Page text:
According to a UN official that was interviewed by a New York Times reporter, Somalia might lose up to 750,000 of its citizens before the next rains. This death toll is unacceptable and, as it’s wont to do, the UN is at the forefront of the efforts to mitigate this disaster; Tristan McConnel, quoting UN figures, wrote in the Global Post that $2.5 billion is needed to provide the food aid that is required. Everyone, and their dog, has jumped unto the ‘Save Somalia’ bandwagon and this time, unlike before, Africans are getting involved.
Prominent African artists Youssou N’dour, Angelique Kidjo, Hugh Masekela and K’naan have written an open letter to African and world leaders to invest in long-term agricultural projects to improve food security and avert famine. In Rwanda, following the Governments donation of $100,000 to the aid effort, young people formed the Rwanda Youth Campaign for Somalia (RYCS) early this month. The RYCS aims to raise $1million in two months through benefit concerts and the like.
Ken Menkhaus, a professor of political science at Davidson College, has warned that “unless the international response changes, the 2011 Somali famine will be to the Obama administration what the 1994 Genocide was to the Clinton administration…a terrible stain”.
Guess what the Somali famine and the 1994 Genocide against the Tutsi also share, other than a feeble US response? The fact that these two events happened in ‘slow motion’. Unlike the Japanese tsunami or the Pakistani earthquake, Rwanda and Somalia are tragedies that occurred step by step, systematically becoming worse and worse, until finally the floodgates opened and people started dying like flies. The genocide here didn’t just happen after the infamous crash, despite what some people would like to think. Machetes were first imported from Egypt, arm caches were built, people were given militia training, target lists were compiled and radios spewed hatred.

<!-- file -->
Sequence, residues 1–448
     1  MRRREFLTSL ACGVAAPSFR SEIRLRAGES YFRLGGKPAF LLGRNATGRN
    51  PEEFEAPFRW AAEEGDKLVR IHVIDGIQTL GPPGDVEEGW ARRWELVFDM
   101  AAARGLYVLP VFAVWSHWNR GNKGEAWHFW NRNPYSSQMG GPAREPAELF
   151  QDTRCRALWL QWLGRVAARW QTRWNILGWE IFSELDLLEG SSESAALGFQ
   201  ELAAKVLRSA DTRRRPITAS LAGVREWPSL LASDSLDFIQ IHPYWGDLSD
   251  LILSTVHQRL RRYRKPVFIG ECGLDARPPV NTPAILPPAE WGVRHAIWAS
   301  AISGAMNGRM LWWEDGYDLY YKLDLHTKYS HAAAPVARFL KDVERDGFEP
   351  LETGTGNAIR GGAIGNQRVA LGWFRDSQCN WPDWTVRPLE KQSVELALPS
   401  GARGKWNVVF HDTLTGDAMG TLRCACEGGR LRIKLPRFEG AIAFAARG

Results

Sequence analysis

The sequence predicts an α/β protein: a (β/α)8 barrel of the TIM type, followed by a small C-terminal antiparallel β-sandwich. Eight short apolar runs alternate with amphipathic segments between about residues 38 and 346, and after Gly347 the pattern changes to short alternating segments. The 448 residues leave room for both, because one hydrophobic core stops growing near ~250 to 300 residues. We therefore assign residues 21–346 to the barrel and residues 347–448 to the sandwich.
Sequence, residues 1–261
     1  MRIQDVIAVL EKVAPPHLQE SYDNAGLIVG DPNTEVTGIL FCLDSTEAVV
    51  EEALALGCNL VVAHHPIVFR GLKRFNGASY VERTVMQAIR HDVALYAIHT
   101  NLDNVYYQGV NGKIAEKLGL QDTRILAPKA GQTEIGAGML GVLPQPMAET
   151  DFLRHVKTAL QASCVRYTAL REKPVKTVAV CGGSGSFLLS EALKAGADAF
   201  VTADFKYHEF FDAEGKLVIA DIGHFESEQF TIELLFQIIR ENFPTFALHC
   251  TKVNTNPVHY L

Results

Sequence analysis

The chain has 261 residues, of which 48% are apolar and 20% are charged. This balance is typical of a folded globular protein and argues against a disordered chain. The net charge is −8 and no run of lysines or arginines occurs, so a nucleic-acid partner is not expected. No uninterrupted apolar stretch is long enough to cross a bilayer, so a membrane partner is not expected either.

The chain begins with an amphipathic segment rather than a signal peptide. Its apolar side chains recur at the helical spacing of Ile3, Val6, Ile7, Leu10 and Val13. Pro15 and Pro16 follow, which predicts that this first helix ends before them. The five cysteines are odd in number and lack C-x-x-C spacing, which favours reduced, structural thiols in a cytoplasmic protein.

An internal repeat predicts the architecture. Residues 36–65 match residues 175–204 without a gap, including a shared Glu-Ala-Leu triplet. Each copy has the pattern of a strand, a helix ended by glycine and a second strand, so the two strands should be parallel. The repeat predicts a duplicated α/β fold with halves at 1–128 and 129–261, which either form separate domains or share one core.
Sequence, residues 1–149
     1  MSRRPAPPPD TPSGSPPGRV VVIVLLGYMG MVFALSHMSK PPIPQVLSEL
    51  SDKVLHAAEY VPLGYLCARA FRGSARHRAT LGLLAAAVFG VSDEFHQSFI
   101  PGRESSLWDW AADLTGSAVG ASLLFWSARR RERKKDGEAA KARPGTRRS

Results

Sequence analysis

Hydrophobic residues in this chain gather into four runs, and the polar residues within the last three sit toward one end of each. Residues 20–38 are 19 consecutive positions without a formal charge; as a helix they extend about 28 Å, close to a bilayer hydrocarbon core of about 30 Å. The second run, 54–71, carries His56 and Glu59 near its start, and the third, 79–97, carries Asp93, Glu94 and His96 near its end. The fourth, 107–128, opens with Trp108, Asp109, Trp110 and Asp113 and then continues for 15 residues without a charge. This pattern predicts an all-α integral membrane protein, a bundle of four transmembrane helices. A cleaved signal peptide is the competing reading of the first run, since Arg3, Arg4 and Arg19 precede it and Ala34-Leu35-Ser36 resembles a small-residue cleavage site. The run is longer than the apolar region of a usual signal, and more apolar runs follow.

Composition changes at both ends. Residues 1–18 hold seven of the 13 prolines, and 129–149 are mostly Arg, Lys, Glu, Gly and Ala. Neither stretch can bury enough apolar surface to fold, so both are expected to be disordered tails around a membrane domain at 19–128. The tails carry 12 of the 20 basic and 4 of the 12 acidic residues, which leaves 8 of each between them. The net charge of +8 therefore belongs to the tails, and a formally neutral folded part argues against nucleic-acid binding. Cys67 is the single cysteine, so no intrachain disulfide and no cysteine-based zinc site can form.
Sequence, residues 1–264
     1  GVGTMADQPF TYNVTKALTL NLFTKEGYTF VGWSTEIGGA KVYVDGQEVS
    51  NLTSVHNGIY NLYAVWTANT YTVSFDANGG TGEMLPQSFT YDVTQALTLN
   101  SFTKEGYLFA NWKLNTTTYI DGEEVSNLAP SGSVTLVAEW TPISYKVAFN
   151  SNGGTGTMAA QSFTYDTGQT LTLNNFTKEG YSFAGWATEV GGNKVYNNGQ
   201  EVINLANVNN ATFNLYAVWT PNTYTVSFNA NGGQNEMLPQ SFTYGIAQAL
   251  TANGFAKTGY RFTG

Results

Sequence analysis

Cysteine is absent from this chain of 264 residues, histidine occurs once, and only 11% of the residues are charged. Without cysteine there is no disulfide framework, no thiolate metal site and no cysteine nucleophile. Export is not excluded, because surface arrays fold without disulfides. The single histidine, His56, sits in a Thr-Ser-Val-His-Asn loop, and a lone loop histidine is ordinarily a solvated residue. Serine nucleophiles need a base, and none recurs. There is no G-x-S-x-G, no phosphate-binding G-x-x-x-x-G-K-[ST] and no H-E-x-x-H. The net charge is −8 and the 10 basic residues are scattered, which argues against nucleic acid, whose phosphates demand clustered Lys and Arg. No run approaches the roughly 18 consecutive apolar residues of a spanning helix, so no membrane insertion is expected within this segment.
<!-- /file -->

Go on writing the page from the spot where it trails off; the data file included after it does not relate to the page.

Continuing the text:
In similar vein, Somalis didn’t just wake up to biting hunger. Civil war and the lack of a functioning central government has been part and parcel on life since the fall of Siad Barre. This has been followed by a total lack in investment in agriculture and civil infrastructure. Piracy and its causes (which are never discussed), the rise of Islamic fundamentalism and the American War on Terror, the lack of support to the AU peacekeeping troops and the belief that Somalia is an ‘intractable situation’ are the real causes of this famine; the drought was merely the last ‘nail in the coffin’.
Addressing the UN General Assembly on Wednesday, President Kagame said something that I hope world leaders heard loud and clear. “We need to take a good look at the toll that traditional diplomatic mediation can have on the lives involved in conflict areas. Too often, while resolutions are being debated and refined, people are dying. And sometimes when those resolutions are eventually adopted, enforcement is slow, or they only halt the conflict for a short time but with no sustainable solutions”. While in this instance he was talking about conflict mediation, international disaster response suffers from the very same problem. While things get worse and worse, and as people start dying, instead of quick and decisive action all we get is more and more alarmist talk. And when some action is finally taken, instead of dealing with the causes of the problem, all it does is simply deal with the symptoms and not the disease itself. While making sure that food aid gets to the hungry mouths in Somalia of paramount importance, when the rains finally come and people start planting again, the issues that caused this humanitarian disaster in the first place wouldn’t have dissipated. And unless these issues are solved, Somalia will always be one dry spell away from disaster.